"18 to 24 year olds will be '[c]ritical to long term brand vitality as consumption increases with age.'" -- U.S. V. Philip Morris USA, Inc.
In Oahu, we face tough issues head-on, and we work hard to protect our community. We believe that young adults smoking at more than twice the rate of our youth is an issue that must be addressed. If a person can make it to their 21st birthday without becoming addicted to tobacco, they are much more likely to live their entire lives tobacco-free. Let’s raise the age of sale—together.
We should do everything we can to prevent smoking and other tobacco use among young people – it saves lives.
71% of Oahu voters support raising the legal sale age for tobacco products to age 21.
95% of all adult smokers start smoking before the age of 21.
400,000 people die every year from tobacco use in the United States, including 1,100 in Hawai`i.
5,600 kids in Hawai’i try smoking for the first time each year.
Another 1,400 kids in Hawai’i become regular smokers each year.
On Oahu, the rate of smoking between the ages of 18-24 tripled from 8.6% in 2010 to 23.9% in 2011 and has continued to climb.
Delaying the age when young people first begin using tobacco would reduce the risk that they will become addicted tobacco users.
Tobacco use causes $96 billion in health care costs in the U.S. each year, including $336 million in the State of Hawai`i.
Young people are more sensitive to nicotine’s addictiveness and can become addicted more quickly than adults.
Individuals who start smoking at younger ages are more likely to smoke as adults and are also among the heaviest users.
Young people who smoke are at risk for immediate health problems such as increased blood pressure, asthma and reduced lung growth.
Tobacco companies target kids and young adults – they know that’s when most users become addicted to tobacco.
Tobacco companies spend $24 million every day to promote their deadly products—much of that marketing directly influences young adults.
According to the Surgeon General (2012), tobacco company marketing causes the onset and continuation of smoking among kids and young adults.
Tobacco companies continue to market smokeless tobacco, little cigars and electronic cigarettes in kid-friendly flavors, like cherry and pina colada.
Tobacco companies continue to market their cigarettes and smokeless tobacco products in magazines with large numbers of youth readers.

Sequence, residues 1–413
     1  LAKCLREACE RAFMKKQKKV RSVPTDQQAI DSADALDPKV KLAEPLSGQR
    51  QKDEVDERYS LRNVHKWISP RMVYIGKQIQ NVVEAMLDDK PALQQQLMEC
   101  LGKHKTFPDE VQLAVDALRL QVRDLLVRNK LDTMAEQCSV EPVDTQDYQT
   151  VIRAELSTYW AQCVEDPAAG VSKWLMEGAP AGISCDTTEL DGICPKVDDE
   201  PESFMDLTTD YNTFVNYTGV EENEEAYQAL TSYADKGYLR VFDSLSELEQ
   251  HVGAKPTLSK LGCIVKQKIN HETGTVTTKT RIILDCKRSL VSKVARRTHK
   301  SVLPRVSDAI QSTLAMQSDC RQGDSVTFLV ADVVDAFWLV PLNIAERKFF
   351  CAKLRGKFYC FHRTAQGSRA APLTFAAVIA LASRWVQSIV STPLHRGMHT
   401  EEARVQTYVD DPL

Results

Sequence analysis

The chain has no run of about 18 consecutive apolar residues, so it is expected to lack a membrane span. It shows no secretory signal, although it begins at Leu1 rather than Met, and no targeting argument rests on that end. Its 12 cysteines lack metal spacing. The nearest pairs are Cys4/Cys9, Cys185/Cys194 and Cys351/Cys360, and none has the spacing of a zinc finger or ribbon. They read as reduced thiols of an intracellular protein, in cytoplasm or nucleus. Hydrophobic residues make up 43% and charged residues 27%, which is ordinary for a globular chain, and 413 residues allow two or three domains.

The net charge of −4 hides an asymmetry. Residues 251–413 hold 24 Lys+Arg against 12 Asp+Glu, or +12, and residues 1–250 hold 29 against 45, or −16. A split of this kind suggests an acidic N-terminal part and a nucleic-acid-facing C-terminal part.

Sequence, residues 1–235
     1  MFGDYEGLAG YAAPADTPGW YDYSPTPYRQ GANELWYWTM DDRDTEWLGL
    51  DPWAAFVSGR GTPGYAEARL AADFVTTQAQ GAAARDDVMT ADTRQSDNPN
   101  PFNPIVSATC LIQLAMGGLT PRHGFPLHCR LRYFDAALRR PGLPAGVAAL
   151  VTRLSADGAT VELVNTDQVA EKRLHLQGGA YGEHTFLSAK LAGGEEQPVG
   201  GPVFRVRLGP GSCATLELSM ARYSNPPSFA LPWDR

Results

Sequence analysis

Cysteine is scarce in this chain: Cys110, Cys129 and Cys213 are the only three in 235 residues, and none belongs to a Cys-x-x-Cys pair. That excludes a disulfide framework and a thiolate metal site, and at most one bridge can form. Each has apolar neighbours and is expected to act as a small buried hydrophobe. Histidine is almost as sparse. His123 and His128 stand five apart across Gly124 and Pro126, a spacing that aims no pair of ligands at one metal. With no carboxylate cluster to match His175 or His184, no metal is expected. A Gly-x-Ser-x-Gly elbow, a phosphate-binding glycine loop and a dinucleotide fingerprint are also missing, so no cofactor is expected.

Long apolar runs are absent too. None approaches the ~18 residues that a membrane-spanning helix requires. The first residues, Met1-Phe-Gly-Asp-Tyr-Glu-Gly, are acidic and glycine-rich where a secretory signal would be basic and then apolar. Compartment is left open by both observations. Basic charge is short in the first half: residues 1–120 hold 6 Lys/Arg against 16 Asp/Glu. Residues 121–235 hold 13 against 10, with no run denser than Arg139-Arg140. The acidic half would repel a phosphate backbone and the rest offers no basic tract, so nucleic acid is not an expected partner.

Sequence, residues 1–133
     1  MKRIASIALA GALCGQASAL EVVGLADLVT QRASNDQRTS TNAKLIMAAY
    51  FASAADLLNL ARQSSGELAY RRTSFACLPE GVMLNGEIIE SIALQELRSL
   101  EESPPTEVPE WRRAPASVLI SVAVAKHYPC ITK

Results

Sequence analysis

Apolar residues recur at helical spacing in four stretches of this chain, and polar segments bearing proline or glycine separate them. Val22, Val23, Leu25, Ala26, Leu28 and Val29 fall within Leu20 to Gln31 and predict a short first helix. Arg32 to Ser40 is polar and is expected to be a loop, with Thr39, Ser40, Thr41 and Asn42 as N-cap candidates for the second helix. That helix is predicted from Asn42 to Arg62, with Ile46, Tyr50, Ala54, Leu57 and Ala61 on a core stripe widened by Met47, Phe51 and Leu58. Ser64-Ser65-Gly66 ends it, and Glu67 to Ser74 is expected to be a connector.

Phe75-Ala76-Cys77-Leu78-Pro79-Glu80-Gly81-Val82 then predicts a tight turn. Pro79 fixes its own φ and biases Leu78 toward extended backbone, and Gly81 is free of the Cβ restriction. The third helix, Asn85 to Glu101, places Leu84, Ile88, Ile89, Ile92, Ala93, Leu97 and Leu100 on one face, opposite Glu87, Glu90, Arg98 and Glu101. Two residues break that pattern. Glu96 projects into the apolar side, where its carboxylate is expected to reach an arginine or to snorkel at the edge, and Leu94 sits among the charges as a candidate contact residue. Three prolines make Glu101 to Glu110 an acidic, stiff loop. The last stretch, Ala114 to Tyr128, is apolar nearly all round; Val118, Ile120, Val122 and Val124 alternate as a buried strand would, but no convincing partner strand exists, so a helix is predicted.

Tobacco companies know that targeting college-aged youth will also appeal to underage audiences, who look up to young adults as role models.
Raising the legal sale age for tobacco would help keep tobacco out of schools and reduce the chance that a young adult will be able to legally purchase tobacco products for underage friends.
Smoking during youth is also associated with an increased likelihood of using illegal drugs.
Tobacco companies admit that increasing the legal sale age for tobacco will reduce smoking.
71% of Oahu voters support raising the legal age to buy tobacco products to 21.
These hearing dates are TENTATIVE and may change:
August 13, 2014 – First reading
September 10, 2014- Second reading
October 8, 2014- Third reading
November 12, 2014- Fourth reading
December 10, 2014- Last reading
The latest developments on our campaign to raise the age and save lives.
If a person makes it to age 21 without becoming a regular smoker, odds are he or she never will succumb to the expensive, addictive and deadly habit. In a state where 1,200 people a year die from tobacco use or exposure, preventing young people from smoking is a matter of public health — and […]Read More
A new Honolulu City Council bill would ban people under 21 years old from purchasing tobacco and electronic smoking products on Oahu. Bill 51, introduced by Councilman Stanley Chang and Council Chairman Ernie Martin Thursday, would take effect Jan. 1, 2015 if approved. Those 18 or older on or before Dec. 31 would be “grandfathered,” […]Read More